by Eric CarwardineShe folded the tissue-paper around the cane, and gently lowered it into its drawer. She wished she hadn't washed the cane. It was the last thing he had touched in their room. For milliseconds of time it had connected their two bodies. Now his molecules and hers were lost in some watery universe, unable to find each other. He would never hold the cane again.
Before the service she had wondered if it would be like Eric Bogle's song. Would the rifles fire o'er him? Would the pipes play the Flowers of the Forest? The Australian flag had covered his casket. Would he have chosen the Eureka flag? He always said that Australia produced two great flags - the Eureka flag and the Aboriginal flag. That great flags were not born in newspaper competitions. Like great nations, they grew from strife and struggle. He was always slightly amused at the idea of Australia voting to become a republic. Can you imagine the English or the Americans or the French voting to form theirs, he would ask. You respect things won in armed conflict, he would explain gently. Remember the Duke of Wellington, at Waterloo? 'Next to a battle lost, the saddest thing is a battle won.'
She disagreed strongly with almost everything he said. But he was never bellicose about it. He'd just say his piece quietly, and then look away if he upset you. In many ways, she could not understand why he had gone into the Army, so soon after leaving school. The only people he ever talked about were his old teachers. A career in a classroom seemed a natural thing for him to do. But he had chosen the Army instead.
The Army had been very good to her and the three children. They looked to the future, not at what had happened. She understood that. He had died far from home, doing something that other people thought should be kept secret. For now, all they would tell her was that something had gone wrong, but that it was not his fault. His brother was also in the Army. They had asked him to view the remains. He would understand what a dying rotor blade can do to a human body.
She would leave their room as it was, for the time-being. With the cane removed, its innocence was restored. On the table she would leave the two pictures, in their little frames. One was a scene from '55 Days at Peking', during the Boxer rebellion, showing Charlton Heston crouched behind a machine-gun. The other was of two boys, photographed from the rear, as they walked across a paddock. The taller boy had his arm around the shoulders of the other. Her husband would explain that the pictures were the two sides of humanity, and that a successful human being could hold both pictures in their hands. She disagreed, but wondered if that was what had kept him in the Army.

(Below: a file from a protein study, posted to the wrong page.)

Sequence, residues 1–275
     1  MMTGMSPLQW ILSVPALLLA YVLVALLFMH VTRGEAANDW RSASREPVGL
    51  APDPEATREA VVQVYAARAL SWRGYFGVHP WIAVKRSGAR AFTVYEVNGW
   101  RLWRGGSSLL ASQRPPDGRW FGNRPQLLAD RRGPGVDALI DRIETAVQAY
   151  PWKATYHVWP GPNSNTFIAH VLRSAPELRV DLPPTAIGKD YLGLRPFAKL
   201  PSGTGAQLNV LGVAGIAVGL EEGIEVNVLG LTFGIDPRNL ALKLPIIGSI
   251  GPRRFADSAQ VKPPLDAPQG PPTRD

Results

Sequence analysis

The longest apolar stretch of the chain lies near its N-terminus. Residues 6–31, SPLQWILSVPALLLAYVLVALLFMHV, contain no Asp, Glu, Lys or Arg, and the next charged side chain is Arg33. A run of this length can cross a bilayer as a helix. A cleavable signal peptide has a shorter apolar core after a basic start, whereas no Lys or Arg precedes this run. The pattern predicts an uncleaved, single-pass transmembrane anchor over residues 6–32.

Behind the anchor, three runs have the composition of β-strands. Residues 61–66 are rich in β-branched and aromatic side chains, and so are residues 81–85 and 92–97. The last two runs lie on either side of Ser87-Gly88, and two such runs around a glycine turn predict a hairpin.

On the table behind the pictures was a compact-disc player, loaded with their favourite song. When the caning was over, she would hear Michael Crawford with 'Love Changes Everything.' When silence returned, he would be gone. That is how they agreed it should be, when he was going away. And in front of the pictures was her white hospital-gown, with tapes at the back. The only thing she wore to her canings.
They had bought a folding step-ladder for their room. In a sale at a sewing shop she had found a wide roll of red cloth. Three lengths machined together side-by-side were draped over the ladder, like a blood-red obelisk. She was a good deal shorter than him, so they had found a large square of thick chip-board. Raised on house-bricks under each corner, and covered with black fabric, it became the dais for her ordeal. When she was ready she would untie the tapes at the back of her gown and rest her hands on the ladder rungs, feeling for them through the red cloth.
She carefully closed the drawer. She had no idea if it would ever be opened again. On her way from the room she let her hand linger on the door knob. His hand had rested there ten days ago. A solitary molecule of his clung to her skin.
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